F1 has been a breeding ground for electric vehicle technology since the inception of KERS during 2009, although the associated costs and relative performance issues of that year meant the teams unanimously agreed to withdraw it's usage for 2010. A years worth of R&D and all but the new F1 teams all had a firm grasp on how to cut costs and integrate such systems in their design, without compromising cooling and weight distribution as some of the 2009 designs had.

The success of KERS has lead to the new breed of V6 Turbo engines scheduled for 2014 to have fully integrated systems that harness and dispense much more power. On top of this the new engines use TERS (Thermal Energy Recovery System) in order to extract and dispense energy created thermally by the Turbo units.

FormulaE looks to build on the success that Formula One has had with electric power by running the car completely on electricity. Races will be separated into heats consisting of 15 minute sessions, which is largely to do with the large amounts of energy required to be stored and dispensed in Motorsport. Charging will then be permitted during the heats.

In terms of the cars themselves you can either purchase cars from Formula E Holdings like their Formulec FE01 Prototype above or design and field your own car based on the Technical Regulations introduced by the FIA.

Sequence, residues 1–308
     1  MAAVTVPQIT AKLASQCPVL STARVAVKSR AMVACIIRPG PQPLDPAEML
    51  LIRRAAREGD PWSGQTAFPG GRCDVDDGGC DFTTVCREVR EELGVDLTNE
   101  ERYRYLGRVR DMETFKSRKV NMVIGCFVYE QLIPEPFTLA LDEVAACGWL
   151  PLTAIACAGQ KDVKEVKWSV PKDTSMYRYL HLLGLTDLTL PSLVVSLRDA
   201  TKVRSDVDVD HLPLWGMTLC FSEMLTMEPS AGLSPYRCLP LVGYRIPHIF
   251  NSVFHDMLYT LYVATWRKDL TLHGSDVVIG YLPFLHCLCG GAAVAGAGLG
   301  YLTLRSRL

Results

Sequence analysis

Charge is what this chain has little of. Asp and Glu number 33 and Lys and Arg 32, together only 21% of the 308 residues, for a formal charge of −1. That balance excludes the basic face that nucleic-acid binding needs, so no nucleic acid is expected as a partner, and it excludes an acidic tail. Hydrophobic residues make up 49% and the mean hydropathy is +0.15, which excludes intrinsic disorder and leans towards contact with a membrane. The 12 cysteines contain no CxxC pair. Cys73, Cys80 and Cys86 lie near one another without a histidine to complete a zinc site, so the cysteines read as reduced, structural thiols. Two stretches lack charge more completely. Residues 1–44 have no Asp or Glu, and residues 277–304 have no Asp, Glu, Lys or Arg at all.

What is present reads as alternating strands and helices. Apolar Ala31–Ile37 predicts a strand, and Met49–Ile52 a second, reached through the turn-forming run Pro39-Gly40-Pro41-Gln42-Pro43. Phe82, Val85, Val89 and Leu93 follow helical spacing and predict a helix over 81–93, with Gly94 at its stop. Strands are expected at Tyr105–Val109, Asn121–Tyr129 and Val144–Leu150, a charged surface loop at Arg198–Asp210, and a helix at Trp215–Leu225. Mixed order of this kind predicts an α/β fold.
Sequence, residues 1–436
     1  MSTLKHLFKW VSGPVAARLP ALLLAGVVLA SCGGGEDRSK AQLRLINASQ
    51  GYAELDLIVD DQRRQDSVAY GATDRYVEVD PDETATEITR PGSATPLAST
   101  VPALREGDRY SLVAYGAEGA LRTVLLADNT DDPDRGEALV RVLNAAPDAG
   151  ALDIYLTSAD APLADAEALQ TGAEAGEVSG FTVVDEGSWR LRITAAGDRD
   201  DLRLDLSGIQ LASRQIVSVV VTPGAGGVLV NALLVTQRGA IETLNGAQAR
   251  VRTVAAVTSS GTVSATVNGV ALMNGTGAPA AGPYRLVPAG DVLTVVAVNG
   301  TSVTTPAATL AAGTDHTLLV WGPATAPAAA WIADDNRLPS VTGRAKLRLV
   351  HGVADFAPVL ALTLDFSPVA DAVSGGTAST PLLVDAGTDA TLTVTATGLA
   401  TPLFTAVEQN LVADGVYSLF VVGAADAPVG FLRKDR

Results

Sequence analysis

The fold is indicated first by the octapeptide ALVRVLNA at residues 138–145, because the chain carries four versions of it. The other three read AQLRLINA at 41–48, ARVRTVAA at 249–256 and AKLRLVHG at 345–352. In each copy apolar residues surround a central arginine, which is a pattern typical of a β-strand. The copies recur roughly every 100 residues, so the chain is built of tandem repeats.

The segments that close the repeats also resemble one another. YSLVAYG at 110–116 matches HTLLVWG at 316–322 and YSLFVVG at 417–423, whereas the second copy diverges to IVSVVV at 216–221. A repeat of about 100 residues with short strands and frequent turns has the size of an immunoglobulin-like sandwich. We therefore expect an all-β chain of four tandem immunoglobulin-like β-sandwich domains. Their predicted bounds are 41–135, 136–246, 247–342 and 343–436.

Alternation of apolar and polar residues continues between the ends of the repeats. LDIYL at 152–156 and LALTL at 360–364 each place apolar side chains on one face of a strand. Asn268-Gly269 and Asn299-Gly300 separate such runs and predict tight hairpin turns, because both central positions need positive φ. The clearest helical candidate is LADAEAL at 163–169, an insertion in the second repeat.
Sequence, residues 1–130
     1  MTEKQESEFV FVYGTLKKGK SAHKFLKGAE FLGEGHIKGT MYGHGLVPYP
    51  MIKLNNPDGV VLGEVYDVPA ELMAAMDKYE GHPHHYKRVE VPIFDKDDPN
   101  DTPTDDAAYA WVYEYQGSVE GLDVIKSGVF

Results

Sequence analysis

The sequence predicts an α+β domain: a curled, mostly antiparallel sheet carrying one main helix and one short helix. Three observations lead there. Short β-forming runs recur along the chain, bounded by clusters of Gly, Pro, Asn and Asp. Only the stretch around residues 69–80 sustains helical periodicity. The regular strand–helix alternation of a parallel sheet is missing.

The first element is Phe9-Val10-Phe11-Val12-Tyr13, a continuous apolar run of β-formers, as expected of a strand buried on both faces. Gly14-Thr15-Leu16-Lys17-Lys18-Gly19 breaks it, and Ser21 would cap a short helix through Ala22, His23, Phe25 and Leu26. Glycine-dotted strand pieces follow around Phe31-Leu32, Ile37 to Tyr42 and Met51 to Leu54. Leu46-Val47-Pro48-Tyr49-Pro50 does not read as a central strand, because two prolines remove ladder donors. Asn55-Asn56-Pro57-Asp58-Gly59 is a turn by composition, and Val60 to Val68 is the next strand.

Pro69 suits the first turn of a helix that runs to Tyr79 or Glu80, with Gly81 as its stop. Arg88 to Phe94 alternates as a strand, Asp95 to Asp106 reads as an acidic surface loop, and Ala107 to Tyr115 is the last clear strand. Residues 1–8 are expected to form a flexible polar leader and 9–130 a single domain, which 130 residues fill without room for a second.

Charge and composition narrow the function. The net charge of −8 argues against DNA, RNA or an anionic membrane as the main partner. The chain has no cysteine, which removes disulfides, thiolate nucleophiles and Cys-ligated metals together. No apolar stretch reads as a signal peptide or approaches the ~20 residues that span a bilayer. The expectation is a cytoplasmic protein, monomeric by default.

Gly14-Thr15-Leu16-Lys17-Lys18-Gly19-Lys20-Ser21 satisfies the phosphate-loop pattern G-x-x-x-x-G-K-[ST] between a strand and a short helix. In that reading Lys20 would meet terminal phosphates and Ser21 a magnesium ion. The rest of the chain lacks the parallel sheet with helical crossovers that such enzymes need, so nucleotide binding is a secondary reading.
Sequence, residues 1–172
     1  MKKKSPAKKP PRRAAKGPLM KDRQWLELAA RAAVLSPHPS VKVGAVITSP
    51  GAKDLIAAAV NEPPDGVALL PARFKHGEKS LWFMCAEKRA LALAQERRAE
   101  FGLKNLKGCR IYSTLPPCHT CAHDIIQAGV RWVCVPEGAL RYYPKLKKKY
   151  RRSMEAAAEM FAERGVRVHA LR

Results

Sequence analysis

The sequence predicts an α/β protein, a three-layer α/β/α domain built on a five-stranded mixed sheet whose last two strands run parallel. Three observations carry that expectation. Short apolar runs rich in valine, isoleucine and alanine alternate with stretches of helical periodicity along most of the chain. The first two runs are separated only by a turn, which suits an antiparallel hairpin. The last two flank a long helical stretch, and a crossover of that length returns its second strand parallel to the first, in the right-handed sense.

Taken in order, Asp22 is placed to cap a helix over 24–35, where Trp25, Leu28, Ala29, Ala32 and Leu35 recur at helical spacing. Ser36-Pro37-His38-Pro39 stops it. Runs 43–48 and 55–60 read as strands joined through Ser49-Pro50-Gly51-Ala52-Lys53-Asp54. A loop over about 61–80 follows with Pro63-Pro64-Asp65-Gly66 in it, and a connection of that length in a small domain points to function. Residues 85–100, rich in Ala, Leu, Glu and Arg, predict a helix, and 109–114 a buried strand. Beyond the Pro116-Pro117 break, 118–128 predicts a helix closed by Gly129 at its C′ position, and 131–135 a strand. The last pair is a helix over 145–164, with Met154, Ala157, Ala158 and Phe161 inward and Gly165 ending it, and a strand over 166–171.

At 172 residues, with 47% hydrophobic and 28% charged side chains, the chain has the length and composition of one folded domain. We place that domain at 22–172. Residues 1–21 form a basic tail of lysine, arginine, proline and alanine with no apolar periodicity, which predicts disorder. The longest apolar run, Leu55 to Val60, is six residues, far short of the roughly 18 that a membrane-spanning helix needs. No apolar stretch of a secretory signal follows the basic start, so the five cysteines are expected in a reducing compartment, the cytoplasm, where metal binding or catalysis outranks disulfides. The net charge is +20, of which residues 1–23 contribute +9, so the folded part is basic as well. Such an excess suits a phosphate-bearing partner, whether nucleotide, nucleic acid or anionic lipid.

The FIA's Technical Regulations for this series in regard to aerodynamics are free with the exception of certain parameters like a skid block, dimensional width, height and length, along with the usual restraints in regard to safety cells and crash tests to safe guard the drivers. (Open or closed Cockpits are permitted but I won't go into this here as I have another article planned later in the month on this subject)
The technical regulations also go as far as allowing incremental adjustable bodywork. This is another instance of Formula One's success being transplanted into another series with DRS helping to bring a return to overtaking in F1.  The FIA have not however restricted adjustable bodywork to just the Rear Wing like in F1 and so teams could provide bodywork flick ups that produce downforce for cornering and retract for drag reduction along with Front and Rear Wing adjustability.